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PC Advisor's top five tweets of the week – 24th November 2011

Gems we had to share

From Microsoft denying the account of Xbox Live users had been hacked to Microsoft slashing the Windows 8 upgrade times, theres been plenty of tech talk on Twitter over the past seven days. Here's PC Advisor's five favourite tweets of the week.

How to stay safe when shopping online

Web users are gearing up for Christmas as they prepare to bag a bargain online. In fact online shopping across Europe in the eight weeks to Christmas looks set to hit €52bn (£44.98bn) and the UK will be responsible for 30 percent of this, with some £3.72bn alone being spent in the first two weeks of December. This means scammers and cybercriminals are subsequently turning their attentions to the web, in a bid to steal money and personal details from unsuspecting victims. However, before you reach for your wallet, we've set out a few simple steps you should take to ensure you remain safe when buying online.
"How to stay safe when shopping online - Ensure your personal details don't fall into the hands of scammers," we tweeted.

Microsoft denies Xbox Live has been hacked

Some people that definitely should be more careful when online are the thousands of Xbox Live gamers that reported their accounts had been hacked this week. Reports began surfacing of users of the online gaming service from Microsoft for the Xbox console finding charges on their credit or debit cards for Microsoft Points that had been exchanged for extra content for a number of EA Sports games including FIFA 12, Madden and NBA. Microsoft denied that accounts had been hacked and instead blamed a phishing scam that claimed to offer free Microsoft points.
Deputy news editor CarrieSkinner: said "Microsoft denies Xbox Live has been hacked. Unauthorised purchases blamed on phishing scams".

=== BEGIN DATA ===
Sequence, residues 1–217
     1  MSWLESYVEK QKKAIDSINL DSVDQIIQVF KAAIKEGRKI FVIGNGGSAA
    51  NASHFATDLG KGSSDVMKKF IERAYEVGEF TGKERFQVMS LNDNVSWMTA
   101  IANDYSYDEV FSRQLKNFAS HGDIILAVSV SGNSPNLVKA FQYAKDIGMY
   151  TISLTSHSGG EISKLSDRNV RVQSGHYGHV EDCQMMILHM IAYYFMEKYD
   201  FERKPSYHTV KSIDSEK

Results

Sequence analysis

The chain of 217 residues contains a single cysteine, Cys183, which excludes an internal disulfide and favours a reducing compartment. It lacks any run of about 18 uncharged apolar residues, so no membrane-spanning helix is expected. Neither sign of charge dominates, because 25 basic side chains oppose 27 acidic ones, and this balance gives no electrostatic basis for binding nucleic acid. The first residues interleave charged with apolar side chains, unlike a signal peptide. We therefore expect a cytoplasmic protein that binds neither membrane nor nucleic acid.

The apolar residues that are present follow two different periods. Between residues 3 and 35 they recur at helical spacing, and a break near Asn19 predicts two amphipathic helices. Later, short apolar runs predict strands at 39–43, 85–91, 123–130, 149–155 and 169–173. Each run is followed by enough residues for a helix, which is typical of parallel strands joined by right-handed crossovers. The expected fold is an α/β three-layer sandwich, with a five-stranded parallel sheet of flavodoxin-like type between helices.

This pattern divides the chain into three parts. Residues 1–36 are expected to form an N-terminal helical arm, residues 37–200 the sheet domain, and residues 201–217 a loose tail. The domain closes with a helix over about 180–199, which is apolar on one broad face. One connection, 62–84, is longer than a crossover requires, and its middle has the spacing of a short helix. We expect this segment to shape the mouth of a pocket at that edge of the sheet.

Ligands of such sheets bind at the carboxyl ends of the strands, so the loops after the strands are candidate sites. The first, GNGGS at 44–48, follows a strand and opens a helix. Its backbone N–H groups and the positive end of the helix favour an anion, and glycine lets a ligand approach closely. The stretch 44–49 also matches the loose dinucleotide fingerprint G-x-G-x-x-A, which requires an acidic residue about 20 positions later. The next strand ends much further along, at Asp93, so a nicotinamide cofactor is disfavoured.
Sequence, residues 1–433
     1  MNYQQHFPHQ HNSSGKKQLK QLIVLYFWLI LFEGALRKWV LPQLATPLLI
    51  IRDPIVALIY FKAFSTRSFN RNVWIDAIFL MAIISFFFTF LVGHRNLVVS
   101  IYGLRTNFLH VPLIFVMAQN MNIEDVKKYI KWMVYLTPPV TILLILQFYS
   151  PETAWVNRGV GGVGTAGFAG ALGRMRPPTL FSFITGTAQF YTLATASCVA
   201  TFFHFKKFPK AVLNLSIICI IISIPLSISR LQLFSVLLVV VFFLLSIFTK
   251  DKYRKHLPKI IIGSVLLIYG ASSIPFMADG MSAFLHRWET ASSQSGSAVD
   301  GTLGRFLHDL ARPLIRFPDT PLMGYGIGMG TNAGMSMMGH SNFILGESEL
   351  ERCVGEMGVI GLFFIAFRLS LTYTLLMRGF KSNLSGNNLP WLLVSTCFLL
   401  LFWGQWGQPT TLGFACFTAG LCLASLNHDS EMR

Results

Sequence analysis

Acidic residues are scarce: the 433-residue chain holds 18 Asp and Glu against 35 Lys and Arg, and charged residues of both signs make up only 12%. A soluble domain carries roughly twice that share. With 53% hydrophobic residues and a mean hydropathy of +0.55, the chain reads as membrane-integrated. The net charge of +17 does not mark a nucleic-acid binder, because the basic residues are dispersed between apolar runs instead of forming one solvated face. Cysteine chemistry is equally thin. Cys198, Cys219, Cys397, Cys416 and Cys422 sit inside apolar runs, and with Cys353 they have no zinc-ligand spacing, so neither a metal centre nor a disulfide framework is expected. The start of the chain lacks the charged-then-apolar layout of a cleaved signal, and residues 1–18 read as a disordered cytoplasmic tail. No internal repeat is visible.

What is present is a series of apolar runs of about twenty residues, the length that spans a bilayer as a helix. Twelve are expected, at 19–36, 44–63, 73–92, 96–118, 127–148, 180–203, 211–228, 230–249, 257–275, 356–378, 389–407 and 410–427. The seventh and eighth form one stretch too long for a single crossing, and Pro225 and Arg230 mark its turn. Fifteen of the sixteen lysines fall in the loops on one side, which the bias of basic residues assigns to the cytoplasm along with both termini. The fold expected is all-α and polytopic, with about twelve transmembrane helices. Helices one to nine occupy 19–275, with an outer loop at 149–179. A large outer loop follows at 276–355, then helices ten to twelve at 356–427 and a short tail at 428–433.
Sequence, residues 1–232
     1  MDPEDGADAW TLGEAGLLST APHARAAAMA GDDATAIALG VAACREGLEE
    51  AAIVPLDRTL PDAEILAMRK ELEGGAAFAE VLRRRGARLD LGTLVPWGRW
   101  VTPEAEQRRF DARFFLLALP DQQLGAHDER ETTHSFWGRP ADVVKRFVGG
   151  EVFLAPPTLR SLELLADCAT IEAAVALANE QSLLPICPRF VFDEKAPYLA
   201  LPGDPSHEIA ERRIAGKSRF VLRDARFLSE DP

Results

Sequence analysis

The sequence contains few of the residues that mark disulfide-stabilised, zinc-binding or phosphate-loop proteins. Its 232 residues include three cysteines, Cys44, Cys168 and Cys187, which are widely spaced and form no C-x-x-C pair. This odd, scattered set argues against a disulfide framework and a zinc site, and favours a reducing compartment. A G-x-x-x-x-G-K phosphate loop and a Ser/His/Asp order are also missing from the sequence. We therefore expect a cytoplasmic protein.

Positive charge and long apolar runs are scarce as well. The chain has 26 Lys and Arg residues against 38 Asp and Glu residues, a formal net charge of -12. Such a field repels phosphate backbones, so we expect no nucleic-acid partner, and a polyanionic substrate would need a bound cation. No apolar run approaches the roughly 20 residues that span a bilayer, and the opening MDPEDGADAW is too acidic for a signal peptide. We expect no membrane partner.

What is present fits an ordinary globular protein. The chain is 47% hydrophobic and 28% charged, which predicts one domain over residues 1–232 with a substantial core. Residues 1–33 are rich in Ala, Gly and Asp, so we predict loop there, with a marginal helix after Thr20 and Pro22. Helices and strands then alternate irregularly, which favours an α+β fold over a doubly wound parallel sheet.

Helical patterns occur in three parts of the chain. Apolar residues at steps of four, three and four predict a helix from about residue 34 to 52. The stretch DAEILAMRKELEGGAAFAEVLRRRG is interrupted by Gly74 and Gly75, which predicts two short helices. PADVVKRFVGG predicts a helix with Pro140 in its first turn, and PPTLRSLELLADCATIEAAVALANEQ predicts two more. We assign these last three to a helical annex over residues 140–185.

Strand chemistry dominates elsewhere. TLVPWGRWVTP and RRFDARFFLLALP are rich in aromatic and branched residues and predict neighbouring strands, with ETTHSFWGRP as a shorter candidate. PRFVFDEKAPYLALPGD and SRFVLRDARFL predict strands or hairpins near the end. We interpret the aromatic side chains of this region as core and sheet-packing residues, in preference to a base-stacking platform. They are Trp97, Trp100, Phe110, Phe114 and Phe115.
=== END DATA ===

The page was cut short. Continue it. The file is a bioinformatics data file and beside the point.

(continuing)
18% of small firms have given customers access to personal Wi-Fi networks

Nearly one in five (18 percent) small businesses have given out their personal Wi-Fi details to customers so they can access the web from their premises, The Cloud revealed this week. Research by the public Wi-Fi network provider revealed 59 percent of small firms don't offer Wi-Fi to their customers, with 44 percent admitting they have no plans to do so, despite demand from customers. Of the 45 percent of small business owners who said they had been asked for Wi-Fi on their premises, 61 percent said they had been asked 'often or very often'.
"18% of small businesses have given customers their personal Wi-Fi network details so they can access the web," we said in a tweet.

Microsoft slashes upgrade times for Windows 8

Microsoft claimed this week that users will be able to complete a Windows 8 upgrade much faster, in some cases in one-tenth the time it took similar-configured PCs to upgrade to Windows 7. The time savings quickly accumulate the more files are on the to-be-upgraded PC, said Christa St. Pierre, a member of Microsoft's Setup and Deployment team, in a long entry on the company's "Building Windows 8" blog.
Editor MattJEgan tweeted: Microsoft slashes upgrade times for Windows 8 (file under 'believe it when I see it')".

Google Chrome update addresses high-severity flaw

Google released an update for Chrome 15 which addresses a high-risk vulnerability. The security issue is the result of an out-of-bounds memory write in the browser's JavaScript engine. Under normal circumstances such a vulnerability would allow remote code execution and would be considered critical. However, because Google Chrome uses a native sandbox that prevents attackers from executing malicious code, the severity of the bug was downgraded.
"Phew. Google Chrome update addresses high-severity flaw," we said.

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